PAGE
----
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elephant will not, in the cave that is guarded by a lion.
Who is there 189 that becometh not a hero by a glance of mine eye? And if but I so desire it, even the babes and sucklings would fight on my side. Lo! 190 within two months or three, not only will I drive the king Máṇábharaṇa out of the king's country, but I will shut him out also from his own. Yea, it is even in such a pass as this, when all things seem hopeless, 191 that the strong arm of heroes like unto me availeth something.” With such bold words as these did he give courage to those whose 192 hearts had failed them. And then the skilful warrior sent the captains 193 Rakkha Adhikári and Ádi Potthaki that they might take up a position at the village Mangalaba.
And then the king, whose fame was great and who knew how to 194 command, bestowed offices on such as were worthy of them, and chose 195 him as officers Rakkha the chief secretary, Mandijívita Potthaki, Sankhadhátu, and the generals Kitti who were brethren, to serve under him. And to these officers the great king entrusted a mighty 196 army, and sent them to Pillaviṭṭhi to subdue the great districts that adjoin Kálavápi. Likewise also did this exceeding great and mighty 197 man place Máragiri and Nigródha at Uddhavápi with a great host. Moreover, he left in divers places bodies of fighting men with captains 198 over them to carry on the war at divers points.
Now, at that time, the chief secretary Mandi went at the command 199 of Mánábharana, to the place called Janapada, to make war; but the 200 fighting men of Janapada, who were skilled in the game of war, fought with him and put him to flight; and being thereby discouraged he renewed not the contest. And that host sent tidings of what had 201 happened to king Parakkama while he tarried at Nálanda, and took 202 his pleasure there like unto the chief of the gods, and also daily performed many great and good deeds. Afterwards the commanders 203 who were set at Pillaviṭṭhi with Rakkha, the chief secretary, at their 204 head, fought a terrible battle for eight days with Buddhanátha, Máhálana, and Déva Sénápati, the generals of Mánábharana who occupied Kálavápi, and killed many strong men and put the remnant 205 to flight, and also took possession of Kálavápi, and speedily cleared the place of the thorn-like foe; and, in obedience to the command of 206 Parakkama Báhu, they fortified the place and tarried there with the army.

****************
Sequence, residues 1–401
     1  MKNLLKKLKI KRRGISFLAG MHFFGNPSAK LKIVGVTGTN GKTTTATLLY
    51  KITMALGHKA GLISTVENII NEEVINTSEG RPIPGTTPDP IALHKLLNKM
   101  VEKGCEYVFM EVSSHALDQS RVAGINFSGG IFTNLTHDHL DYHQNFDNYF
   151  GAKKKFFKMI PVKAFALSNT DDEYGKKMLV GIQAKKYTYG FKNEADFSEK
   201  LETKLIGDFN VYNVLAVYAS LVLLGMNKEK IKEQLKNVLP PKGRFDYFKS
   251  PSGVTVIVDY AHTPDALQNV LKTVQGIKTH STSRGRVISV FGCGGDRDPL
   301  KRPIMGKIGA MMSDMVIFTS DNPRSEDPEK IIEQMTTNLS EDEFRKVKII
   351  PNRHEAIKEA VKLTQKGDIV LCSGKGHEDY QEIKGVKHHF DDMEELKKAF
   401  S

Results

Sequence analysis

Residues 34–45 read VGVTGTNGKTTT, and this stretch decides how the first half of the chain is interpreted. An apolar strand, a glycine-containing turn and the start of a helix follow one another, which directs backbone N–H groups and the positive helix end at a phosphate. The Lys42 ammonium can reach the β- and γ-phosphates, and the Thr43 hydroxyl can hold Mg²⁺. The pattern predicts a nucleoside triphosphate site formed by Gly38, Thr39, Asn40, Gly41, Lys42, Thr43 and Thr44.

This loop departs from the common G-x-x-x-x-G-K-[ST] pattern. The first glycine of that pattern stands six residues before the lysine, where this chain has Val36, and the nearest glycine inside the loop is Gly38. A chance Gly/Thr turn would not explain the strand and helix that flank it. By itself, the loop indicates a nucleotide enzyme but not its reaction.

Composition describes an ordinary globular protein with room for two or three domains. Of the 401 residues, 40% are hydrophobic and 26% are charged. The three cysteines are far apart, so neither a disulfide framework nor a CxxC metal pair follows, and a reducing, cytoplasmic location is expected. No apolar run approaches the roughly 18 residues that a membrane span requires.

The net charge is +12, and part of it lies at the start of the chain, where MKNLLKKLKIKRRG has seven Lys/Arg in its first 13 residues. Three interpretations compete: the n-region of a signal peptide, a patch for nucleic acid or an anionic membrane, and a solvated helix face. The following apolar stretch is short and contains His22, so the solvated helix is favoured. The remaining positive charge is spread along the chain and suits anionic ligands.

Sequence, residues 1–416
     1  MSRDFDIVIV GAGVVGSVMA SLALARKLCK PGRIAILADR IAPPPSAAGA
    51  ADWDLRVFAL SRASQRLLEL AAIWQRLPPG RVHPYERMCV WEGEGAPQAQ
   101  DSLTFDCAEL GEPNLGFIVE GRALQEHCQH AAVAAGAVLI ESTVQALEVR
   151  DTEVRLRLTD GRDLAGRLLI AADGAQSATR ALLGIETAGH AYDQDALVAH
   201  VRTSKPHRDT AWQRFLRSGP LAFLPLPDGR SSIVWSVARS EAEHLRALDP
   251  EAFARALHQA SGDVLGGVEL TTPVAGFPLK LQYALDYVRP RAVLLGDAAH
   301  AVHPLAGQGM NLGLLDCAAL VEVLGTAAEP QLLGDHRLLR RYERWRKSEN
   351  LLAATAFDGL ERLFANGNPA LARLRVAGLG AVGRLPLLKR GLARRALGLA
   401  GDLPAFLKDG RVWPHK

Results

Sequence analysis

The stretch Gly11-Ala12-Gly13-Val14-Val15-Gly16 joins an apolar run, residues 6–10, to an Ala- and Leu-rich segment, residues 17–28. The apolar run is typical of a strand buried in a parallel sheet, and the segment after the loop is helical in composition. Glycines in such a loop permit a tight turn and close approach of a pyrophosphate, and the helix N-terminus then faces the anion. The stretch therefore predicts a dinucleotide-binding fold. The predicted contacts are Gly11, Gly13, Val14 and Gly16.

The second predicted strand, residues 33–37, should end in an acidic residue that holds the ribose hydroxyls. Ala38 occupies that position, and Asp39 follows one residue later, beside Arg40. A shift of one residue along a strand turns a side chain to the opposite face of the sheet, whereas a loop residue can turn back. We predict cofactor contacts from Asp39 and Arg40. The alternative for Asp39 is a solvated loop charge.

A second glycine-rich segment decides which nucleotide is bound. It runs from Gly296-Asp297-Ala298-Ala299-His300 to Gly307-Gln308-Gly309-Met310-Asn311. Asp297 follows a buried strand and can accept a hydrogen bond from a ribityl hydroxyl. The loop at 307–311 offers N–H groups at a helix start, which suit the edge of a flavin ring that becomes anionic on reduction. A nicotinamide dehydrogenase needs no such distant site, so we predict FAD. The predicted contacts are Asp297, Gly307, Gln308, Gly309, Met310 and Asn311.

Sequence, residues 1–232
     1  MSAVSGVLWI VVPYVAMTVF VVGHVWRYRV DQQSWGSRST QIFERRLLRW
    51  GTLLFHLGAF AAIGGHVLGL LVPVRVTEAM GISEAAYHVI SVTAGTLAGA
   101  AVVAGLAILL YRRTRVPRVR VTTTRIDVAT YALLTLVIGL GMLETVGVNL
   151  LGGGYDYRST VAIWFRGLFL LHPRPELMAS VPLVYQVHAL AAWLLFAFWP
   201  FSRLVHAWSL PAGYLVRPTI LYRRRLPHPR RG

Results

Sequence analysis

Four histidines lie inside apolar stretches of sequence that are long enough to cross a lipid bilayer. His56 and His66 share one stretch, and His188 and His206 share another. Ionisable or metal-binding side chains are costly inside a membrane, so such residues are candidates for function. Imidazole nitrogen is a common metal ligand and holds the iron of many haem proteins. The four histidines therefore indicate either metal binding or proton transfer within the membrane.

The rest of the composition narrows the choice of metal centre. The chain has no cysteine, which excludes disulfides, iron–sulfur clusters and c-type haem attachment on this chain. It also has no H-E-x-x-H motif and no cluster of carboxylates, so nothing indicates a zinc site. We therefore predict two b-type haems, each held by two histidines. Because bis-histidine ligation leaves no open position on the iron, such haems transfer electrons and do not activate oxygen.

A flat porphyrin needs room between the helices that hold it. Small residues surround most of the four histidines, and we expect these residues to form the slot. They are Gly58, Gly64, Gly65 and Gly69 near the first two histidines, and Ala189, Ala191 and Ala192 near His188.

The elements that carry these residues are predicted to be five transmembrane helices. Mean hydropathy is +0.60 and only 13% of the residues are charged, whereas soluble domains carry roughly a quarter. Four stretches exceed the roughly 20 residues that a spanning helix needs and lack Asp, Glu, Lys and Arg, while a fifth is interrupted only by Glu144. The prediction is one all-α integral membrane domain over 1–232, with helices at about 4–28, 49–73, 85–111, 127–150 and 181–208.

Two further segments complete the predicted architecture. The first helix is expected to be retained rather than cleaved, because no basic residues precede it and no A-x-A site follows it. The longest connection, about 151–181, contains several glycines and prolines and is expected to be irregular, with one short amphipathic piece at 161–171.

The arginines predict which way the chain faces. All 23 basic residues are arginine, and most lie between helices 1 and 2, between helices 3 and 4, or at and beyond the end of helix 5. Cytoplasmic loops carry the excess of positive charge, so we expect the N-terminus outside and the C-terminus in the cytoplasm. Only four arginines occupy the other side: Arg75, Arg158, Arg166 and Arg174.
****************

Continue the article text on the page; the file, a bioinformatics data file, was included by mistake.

And Nigródha Máragiri, who was set at Uddhavápi, also gave 207 battle three times and broke the enemy's forces. And then he fortified 208 himself in a grove at the village Tannaru, and tarried there with the army according to the command of the great king.
Thereupon king Mánábharana bestowed honours and much territory 209 on the prince Mahinda, and said unto him: "Go thou with a great 210 host in the direction of the country Móravápi and tarry in the noble city of Anuradhapura that so we might seize the southern part of the country, and I will proceed to Pallavavála that so I might from thence move towards Buddhagáma." And he gave Mahinda a great army 211
212 first, and sent him to the beautiful city of Anuradhapura, but he himself 213 tarried behind, even where he was, in the king's country. And the
chief officers who were placed at Kálavápi heard that prince Mahinda had advanced with a great army to Anuradhapura, and they desired greatly to defeat his purpose before he could establish himself there. 215 So they placed the great secretary Rakkha and Kitti Bhaṇḍára Potthaki to defend Kálavápi, and of their own accord they proceeded 216 thence with their armies and their equipage to the place called Káṇa217 múla, and built a stronghold there and occupied it together. And the king Parakkama heard thereof, and, being a cautious man and one whose cunning in war failed him not, he sent messengers unto them, 218 saying," Ye are men of none experience in the country, go not therefore 219 without my command into the heart of the country to carry on the